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Lou review – Allison Janney gets her Taken but leaves us wanting | Action and adventure films

TThe great takeover of over-55s, from playing dad to playing dad who is also a retired hit man, has been a boon for the Neesons and Odenkirks and Costners, but less so for their female counterparts, who were shaken from mother to mother who also married to a retired hit man. Things seem to be slightly improve this year with more women of the same age accepted into the action genre that has traditionally left them unarmed, with Michelle Yeoh and Viola Davis working their way to box office success (before Jamie Lee Curtis returns next month to take on Michael Myers to “end”), and now, inevitably, Netflix is ​​bringing the back up with a more conventional vehicle, this time for Oscar winner Allison Janney.

As long as it wasn’t called Lou, a terribly stupid title that’s hard to say aloud with a vague sense of excitement (try it – Lou, Lou, Lou). It’s also hard, unfortunately, to watch it while feeling a vague sense of excitement or anything, really, a movie that works best as an exciting concept – Allison Janney does Taken – then a real thing.

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Janney plays, you have this, Lou, a gruff, self-sufficient loner who lives or exists in the woods, haunted by something or someone, a deliberately simple life until one night things get complicated during a particularly dramatic storm. Her next door neighbor’s daughter, Hannah (Jurnee Smollett), is, we got this, takenand she needs Lou’s help to find her.

Who is Lou? What is Lou? But most importantly, Why is Lou? I have no idea after a varied but mostly unremarkable 107 minutes, a film unworthy of both Janney’s talents and our attention. Lou briefly teases that it’s really about something before pulling the veil from our eyes, raising his hands, and shrugging. The film was originally set up in Paramount with JJ Abrams producing, an unimpressive original story considering most of the crap churned out on Netflix, but why this script got so much attention is perhaps the film’s biggest mystery.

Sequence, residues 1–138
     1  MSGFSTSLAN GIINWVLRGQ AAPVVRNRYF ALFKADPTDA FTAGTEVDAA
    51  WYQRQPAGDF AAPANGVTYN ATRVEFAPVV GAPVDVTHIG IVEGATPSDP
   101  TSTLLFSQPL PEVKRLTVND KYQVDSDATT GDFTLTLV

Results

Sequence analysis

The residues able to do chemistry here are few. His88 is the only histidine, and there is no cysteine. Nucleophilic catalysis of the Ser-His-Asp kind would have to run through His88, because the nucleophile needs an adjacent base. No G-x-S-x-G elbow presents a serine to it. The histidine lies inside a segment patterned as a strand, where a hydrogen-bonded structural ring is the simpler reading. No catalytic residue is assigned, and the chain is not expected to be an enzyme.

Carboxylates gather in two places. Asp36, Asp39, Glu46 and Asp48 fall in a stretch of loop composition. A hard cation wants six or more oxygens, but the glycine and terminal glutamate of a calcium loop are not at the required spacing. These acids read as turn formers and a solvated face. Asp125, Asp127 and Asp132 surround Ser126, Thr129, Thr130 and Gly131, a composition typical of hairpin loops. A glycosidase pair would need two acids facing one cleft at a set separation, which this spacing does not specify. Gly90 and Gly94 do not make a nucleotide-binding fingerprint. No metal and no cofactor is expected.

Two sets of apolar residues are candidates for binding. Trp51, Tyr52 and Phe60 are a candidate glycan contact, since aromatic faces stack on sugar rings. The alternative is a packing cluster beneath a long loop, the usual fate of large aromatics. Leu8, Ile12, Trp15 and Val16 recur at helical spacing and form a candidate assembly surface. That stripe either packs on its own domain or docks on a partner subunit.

Initially described as Thelma & Louise meets Taken, Lou is a bit more like Sleeping with the Enemy meets Rambo meets Taken, but sadly not nearly as fun as it might sound like. The missing child is caught by an abusive ex, played with soapy menace that quickly fizzles out by Logan Marshall-Green, and the first stormy follow-up scenes, forcing the women to club together, are efficiently engaging. Director Anna Foerster, whose TV credits span genres like Outlander and Westworld, knows how to organize action and create mood (grassroots competence still counts a lot in the streaming underworld), and when Maggie Cohn’s and Jack Stanley’s script keep things simple, there is just as easy fun to be had. Janney is, as always, a real pro, and her weary cynicism, mostly used for comedic effects, makes her a believably haunted anti-hero, and Lou allows for some quieter, heavier moments that her other work can’t always afford.

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But there’s a dull, derailed twist that complicates and confuses it, turning what could have been a tight little car chase movie into something much wider and much harder to get involved in. It turns the film into slack melodrama and takes us further away from the action, a misguided attempt to swap adrenaline for emotion. Janney sells it anyway, but towards the end she is literally and figuratively wounded. Lou’s sheer existence may be a step in the right direction for women over 50 in action movies, but it’s a misstep everywhere.

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